ERN Testimony on High Dosage Tutoring

Committee of the Whole Roundtable on DCPS Reopening

01- 21 -2021

Jessica Giles

Deputy Director

Education Reform Now DC

Good afternoon Chairman Mendelson and members of the Committee of the Whole; my name is Jessica Giles. I am a Ward 7 resident, an equity advocate, and the Deputy Director of Education Reform Now DC (ERN DC). ERN DC is a non-profit organization that fights to ensure that DC’s public education system justly and equitably serves all students. We are committed to advancing racial equity in public education, closing opportunity gaps, and regularly evaluating education reforms to see if they are working as intended. The discussion today has focused mainly on how and when students and educators can return to school, which is critical in protecting students’ health and safety, school staff, and the broader community against the spread of COVID-19. My testimony will focus on how the Mayor and DC Council can ensure that DC public schools (DCPS) has a just and equitable COVID-19 recovery by including high-dosage tutoring in its summer plan. We can begin implementing this now, regardless of in-person instruction, and I’ll share how.

First, I want to express my deep appreciation to DCPS principals and teachers for working tirelessly to provide an education to students and all parents, grandparents, and guardians juggling their family and work responsibilities during this time of great uncertainty. COVID-19 is challenging for all students, but it disproportionately impacts Black, Brown, and immigrant communities and has taken a toll on our students’ academic and social-emotional well-being. Last December, EmpowerK12 analyzed assessment results for nearly 30,000 students in DCPS and public charter schools using historical and fall 2020 assessment data. They found that DC students are in a COVID learning and mental wellness slide with an overall loss of four months of learning in math and one month of reading.[1] EmpowerK12 also found that “at-risk students have lost five months of learning in math and four months of learning in reading and are falling significantly behind.”[2] Additionally, “77 percent of students reported they are concerned that their family will be exposed to COVID-19 and 45 percent report that their family’s financial situation has become somewhat or significantly more stressful.”[3] Consequently, we could experience an increase in drop-out rates nationwide and a loss of $61,000 and $82,000 in lifetime earnings, or the equivalent of a full year of work for each K-12 student.[4] This loss of earnings could be even greater for Black and Hispanic students. While white students could earn $1,348 a year less over a 40-year working lifetime, Black students could lose $2,186 a year, and Hispanic students could lose $1,809 a year.[5]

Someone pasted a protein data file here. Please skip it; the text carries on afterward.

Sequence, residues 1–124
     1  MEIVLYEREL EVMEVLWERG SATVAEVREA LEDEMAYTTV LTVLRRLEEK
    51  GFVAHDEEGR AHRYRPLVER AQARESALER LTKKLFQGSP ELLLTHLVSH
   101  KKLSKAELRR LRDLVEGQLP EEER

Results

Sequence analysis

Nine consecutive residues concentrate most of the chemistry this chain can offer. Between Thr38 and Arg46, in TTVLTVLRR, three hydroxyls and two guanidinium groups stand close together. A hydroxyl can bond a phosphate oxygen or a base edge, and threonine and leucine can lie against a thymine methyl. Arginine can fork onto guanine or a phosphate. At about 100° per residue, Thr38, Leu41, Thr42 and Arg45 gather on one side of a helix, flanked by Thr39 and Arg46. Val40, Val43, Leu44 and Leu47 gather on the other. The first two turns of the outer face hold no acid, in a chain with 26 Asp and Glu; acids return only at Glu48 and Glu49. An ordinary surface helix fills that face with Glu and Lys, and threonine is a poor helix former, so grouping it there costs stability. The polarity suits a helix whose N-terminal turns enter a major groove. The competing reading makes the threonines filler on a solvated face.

DC must include high dosage tutoring as part of its summer recovery plan.

High-Dosage Tutoring (HDT) is one of the most effective interventions in education. It adds about 216 days of additional learning or 1.2 years.[6] A high-dosage tutoring program works by identifying a student in need of a tutor and providing that student with tutoring daily for Pre-Kindergarten and first-grade students and three days per week for second through fifth-grade students during an extended school day. Typically, a high-dosage tutor works with two to three students, similar to “learning pods” that some upper-income families have used during COVID to mitigate learning loss. DC should provide special consideration and flexibility for students with different learning abilities who already have specific educational needs and supports. High school students could tutor in elementary schools through an elective class or community service, college students in middle schools through federal work-study, and full-time 2- and 4-year college graduates in high schools through AmeriCorps.[7] We urge DC to prioritize tutors who are DC residents and reflect student demographics. In the recently enacted COVID-19 Phase IV Relief & Omnibus Education Funding Package, DC was allocated approximately $173,795,200 for the K12 Education Stabilization Fund. We strongly urge the Mayor to use some of this funding for this emergency intervention and to make this program permanent.

In addition to these interventions, we urge the Mayor and DC Council to invest in education, close the digital divide, and expand mental health supports for students and families. Thank you for allowing me to testify on how DCPS can have a just and equitable COVID-19 recovery.

[1] EmpowerK12. December 2020. “COVID-19’s Impact on Student Achievement and Academic Growth in DC.” Website: pg. 1

[2] Ibid

[3] Ibid pg. 4

[4] McKinsey & Company. June 2020. “COVID-19 and student learning in the United States: The hurt could

last a lifetime.” Website: pg. 7

[5] Ibid

[6] Sage Journals. January 2017. “Academic Interventions for Elementary and Middle School Students With Low Socioeconomic Status: A Systematic Review and Meta-Analysis.” Website:

[7] Annenberg Brown University. January 2021. “A Blueprint for Scaling Tutoring Across Public Schools.” website: